March Madness and I have always had a weird relationship. I can remember back to high school where our brackets were, much like fantasy baseball, done entirely on paper with manual tabulations and highlighters and red lines, the 9-by-11-inch pieces of paper being destroyed as the games went on. We’d always try to sneak peaks at games while getting ready for baseball practice as the coaches had a TV in their office and there was a window between said office and the locker room. It was that same window where cut lists would be posted after tryouts, so letting us watch Princeton drop UCLA by two before having to run foul poles was the least they could do.
Since then, however, my feelings on college basketball have been lukewarm at best. Each year, I try to take in a few games as I enjoy the atmosphere college sports tend to provide. Last year, I watched—maybe—three full regular season games and a couple conference tourney games depending on the time and my availability. Once March Madness rolled around, however, I watched no fewer than a dozen games in the first four days, adding more as the tournament went on. When it comes to college sports in general I’m as casual as it gets. I root for the Buckeyes, and the end of that Michigan game was one of the more exhilarating moments of the fall. I was super into men’s basketball during that stretch of play where the Cavaliers were in the lottery as I wanted to be as informed as possible when discussing potential draft selections.
Since then, I’ve literally morphed into that co-worker of yours who takes a bracket, shrugs, and guesses as they write down schools in the subsequent rounds. I don’t base it on colors or mascots—and one could argue that I’d have been better off if I did—but the amount of knowledge I have about the 68 teams selected to compete for the Division I title would rival that of my knowledge surrounding things like Harry Potter and reality television. But come Thursday afternoon, my iPad will be propped up on my desk and the March Madness apps will be loaded and waiting. Men’s college basketball will consume the next several weekends as we look to crown another champion.
If March Madness were a professional sports team, I’d be dubbed fair weather. The big difference, in my estimation, is that I’ll watch, waiting for upsets, soaking in the excitement of kids who play their entire careers (even if said careers span all of a few months) for these very moments. I won’t pretend to know much about any of it, and certainly won’t have a solitary hot take (because “takes” as class of analysis are dumb, don’t forget) but I’ll be damned if I’m not going to get pumped when Middle Tennessee State drops Minnesota in the first round. The fan fare is like none other, and when you factor in the single-elimination nature of the tournament (which hardcore fans hate), it’s that much better. Remember that kid who busted out the Nae Nae after 14-seed Mercer beat Duke back in 2014?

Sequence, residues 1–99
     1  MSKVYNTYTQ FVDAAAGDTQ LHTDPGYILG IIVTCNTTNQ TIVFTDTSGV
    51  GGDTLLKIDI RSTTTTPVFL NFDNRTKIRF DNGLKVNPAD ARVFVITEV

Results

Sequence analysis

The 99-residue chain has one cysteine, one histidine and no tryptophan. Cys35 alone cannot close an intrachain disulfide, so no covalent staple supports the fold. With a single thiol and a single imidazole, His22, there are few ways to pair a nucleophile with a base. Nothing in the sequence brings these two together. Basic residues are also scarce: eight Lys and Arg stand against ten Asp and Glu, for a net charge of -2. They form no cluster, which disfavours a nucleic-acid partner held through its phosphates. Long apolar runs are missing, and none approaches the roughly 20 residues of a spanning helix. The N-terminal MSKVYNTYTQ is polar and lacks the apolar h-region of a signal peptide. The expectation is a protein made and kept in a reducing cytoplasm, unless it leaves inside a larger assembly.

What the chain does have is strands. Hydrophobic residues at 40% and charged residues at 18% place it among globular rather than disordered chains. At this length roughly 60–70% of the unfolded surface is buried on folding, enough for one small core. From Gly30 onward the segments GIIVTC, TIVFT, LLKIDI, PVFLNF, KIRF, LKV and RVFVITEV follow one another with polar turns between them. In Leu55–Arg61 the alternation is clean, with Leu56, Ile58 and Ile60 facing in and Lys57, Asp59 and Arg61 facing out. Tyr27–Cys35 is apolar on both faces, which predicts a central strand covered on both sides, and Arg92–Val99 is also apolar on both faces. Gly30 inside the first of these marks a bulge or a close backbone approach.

It’s the perfect storm of opportunity and hope and a national stage, and it’s beautiful.
One could argue that the Men’s Division I tournament being dubbed March Madness is the best sports marketing campaign of all time. Sure, folks get together to watch the Super Bowl, but that involves actually leaving your house and occasionally glancing at the television. With March Madness, you literally have individuals who will pay money, fill out a bracket, and never watch a lick of basketball, just waiting for the email updates from their office pool manager to see where they fall, sharing in the office inside jokes because “HA! Can you guys believe Chester from payroll is in first place!? Silly Chester. Guy wouldn’t know a basketball if it smashed him in his face and broke his glasses!” No other sporting event gets this treatment, and it has me hooked every single year.
This week’s edition of #ActualSportswriting:
- “The ’96 Mavs: The Warriors before the Warriors” by Rob Mahoney (Sports Illustrated)
- “How the World’s Heaviest Man Lost it All” by Justin Heckert (GQ)
- “A plane crash, seven broken families, and the town that’s helping them heal” by Matt Norlander (CBS Sports)
- “How UFC’s new stud got his super power” by Brandon Sneed (B/R Mag)
And finally, with March Madness is upon us, it’s bracket challenge time. Those of you who have been around for a while know I’m super active with the local affiliate for Susan G. Komen. For what will be the fourth year, the Associate Council will be running Brackets for the Cure—a purely electronic way for you to help the cause while potentially taking home some nice prizes.
The premise is simple: Donate $20, gain access to the BFtC March Madness bracket challenge hosted by CBS, and win. The first three prizes will total $1,350 with $1,000 going to the winner. We’ve managed to obtain a few local sponsors which will allow us to put 100 percent of entry fees toward fighting breast cancer in Northeastern Ohio. We managed to raise more than $9,000 last year and are hoping to eclipse $10,000 this time around. It’ll take some hard work, but we’re confident in getting there.
Huge thank you to Tucker Ellis for being our presenting sponsor once again. You can enter start the process of entering this pool by clicking the image above or by going to to this page here. If you joined in any of the last two years, you should already have received your invite. Thank you all in advance. Your support is greatly appreciated.